The start of the route was straightforward - along the old railway line to Monkseaton Drive and on to Earsdon, Backworth and Killingworth. Instead of following Reiver's, a deviation towards Camperdown was taken. The roundabout at Annitsford had to be negotiated before cycling down the footpath into Seghill. From here, the Backpedalers went off piste. The track round Seghill Hall was the first challenge when it became obvious that long trousers would have been a better option than shorts given the abundance of brambles and stinging nettles.
The track towards Mares Close was next but instead of crossing the railway line, the group turned left to visit one of the areas less well known examples of public art.
The Shroud gave the group an opportunity to indulge their rather strange sense of humour.
Once their ghoulish appetites had been satisfied the group were able to press on pausing only to replace a punctured inner tube.
At this stage, one member of the group pointed out that it was forty minutes since he had left Seghill and that he had travelled about two miles.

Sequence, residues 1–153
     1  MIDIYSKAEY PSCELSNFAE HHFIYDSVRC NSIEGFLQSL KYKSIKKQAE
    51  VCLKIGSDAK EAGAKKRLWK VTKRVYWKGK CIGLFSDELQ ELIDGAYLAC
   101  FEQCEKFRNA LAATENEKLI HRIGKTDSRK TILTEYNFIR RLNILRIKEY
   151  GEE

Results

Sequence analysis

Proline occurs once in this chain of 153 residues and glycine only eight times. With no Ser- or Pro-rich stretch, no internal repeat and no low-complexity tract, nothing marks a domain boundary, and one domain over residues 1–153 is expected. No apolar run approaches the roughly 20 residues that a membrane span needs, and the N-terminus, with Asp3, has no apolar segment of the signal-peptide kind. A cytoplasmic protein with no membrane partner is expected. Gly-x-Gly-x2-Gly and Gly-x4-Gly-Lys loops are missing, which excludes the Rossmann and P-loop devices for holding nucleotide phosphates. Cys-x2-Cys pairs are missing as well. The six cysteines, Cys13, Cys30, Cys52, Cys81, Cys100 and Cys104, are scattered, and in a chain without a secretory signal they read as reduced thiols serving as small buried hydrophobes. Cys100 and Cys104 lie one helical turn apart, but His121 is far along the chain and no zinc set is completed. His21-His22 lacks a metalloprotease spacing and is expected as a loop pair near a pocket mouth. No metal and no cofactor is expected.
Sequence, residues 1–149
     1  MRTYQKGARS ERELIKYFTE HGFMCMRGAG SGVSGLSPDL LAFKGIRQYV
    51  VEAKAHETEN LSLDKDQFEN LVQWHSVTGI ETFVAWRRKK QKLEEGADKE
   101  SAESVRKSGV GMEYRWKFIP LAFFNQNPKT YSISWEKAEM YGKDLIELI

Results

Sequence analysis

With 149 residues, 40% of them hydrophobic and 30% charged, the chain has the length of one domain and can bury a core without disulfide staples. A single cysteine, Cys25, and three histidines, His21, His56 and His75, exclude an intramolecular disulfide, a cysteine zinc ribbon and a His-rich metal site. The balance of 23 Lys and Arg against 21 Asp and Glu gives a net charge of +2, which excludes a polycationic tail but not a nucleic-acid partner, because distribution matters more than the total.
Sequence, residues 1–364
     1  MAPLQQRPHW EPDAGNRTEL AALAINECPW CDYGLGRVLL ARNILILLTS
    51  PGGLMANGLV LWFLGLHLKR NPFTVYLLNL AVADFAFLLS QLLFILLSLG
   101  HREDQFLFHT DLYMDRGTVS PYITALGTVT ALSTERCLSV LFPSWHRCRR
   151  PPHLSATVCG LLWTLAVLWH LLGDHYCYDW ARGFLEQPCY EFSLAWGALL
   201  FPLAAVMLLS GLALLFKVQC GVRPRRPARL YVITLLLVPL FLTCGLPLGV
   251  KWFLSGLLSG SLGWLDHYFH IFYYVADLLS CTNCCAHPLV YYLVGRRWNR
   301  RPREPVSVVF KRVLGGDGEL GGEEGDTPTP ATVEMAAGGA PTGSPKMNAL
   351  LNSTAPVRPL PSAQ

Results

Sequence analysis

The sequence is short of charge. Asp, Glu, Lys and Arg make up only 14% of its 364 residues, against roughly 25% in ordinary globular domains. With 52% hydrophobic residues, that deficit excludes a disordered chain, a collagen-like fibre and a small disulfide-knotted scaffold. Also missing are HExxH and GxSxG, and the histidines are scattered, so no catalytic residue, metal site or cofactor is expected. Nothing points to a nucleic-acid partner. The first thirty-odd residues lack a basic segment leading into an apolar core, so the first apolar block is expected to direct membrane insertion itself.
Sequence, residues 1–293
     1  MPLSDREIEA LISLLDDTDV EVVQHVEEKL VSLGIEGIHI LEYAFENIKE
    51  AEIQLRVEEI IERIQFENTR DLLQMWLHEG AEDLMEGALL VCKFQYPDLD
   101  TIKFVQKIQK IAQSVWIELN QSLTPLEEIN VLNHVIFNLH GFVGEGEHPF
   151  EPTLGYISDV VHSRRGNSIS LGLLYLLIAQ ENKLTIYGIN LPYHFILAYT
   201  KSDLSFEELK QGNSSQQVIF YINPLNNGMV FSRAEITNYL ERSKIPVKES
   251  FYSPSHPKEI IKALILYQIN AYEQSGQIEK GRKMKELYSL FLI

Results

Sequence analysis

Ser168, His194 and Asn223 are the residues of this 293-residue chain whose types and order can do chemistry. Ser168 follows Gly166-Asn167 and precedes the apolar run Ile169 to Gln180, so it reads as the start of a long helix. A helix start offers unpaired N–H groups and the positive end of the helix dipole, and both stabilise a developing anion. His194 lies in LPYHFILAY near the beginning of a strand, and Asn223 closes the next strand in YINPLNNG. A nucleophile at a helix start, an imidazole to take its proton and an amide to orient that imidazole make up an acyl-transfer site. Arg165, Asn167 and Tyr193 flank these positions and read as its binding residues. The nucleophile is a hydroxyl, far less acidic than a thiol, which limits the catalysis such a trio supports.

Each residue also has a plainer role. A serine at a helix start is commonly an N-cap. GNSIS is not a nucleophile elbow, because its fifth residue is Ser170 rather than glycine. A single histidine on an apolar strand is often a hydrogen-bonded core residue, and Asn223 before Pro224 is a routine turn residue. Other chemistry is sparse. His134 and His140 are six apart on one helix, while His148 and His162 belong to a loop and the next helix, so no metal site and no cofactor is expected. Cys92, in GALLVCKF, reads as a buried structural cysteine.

The next section presented a different sort of challenge.
It was more like taking your bike for a walk than going out for a cycle ride.
A mercifully short track, complete with the obligatory nettles and brambles, led to the Keel Row at Seaton Delaval which enabled the group to cycle along Plantation Row towards Laverock Hall Road and on to Bebside.
The tree roots and mud filled sumps seemed billiard table flat compared to what had gone before.
The route home, via Furnace Bank and Blyth riverside, was uneventful.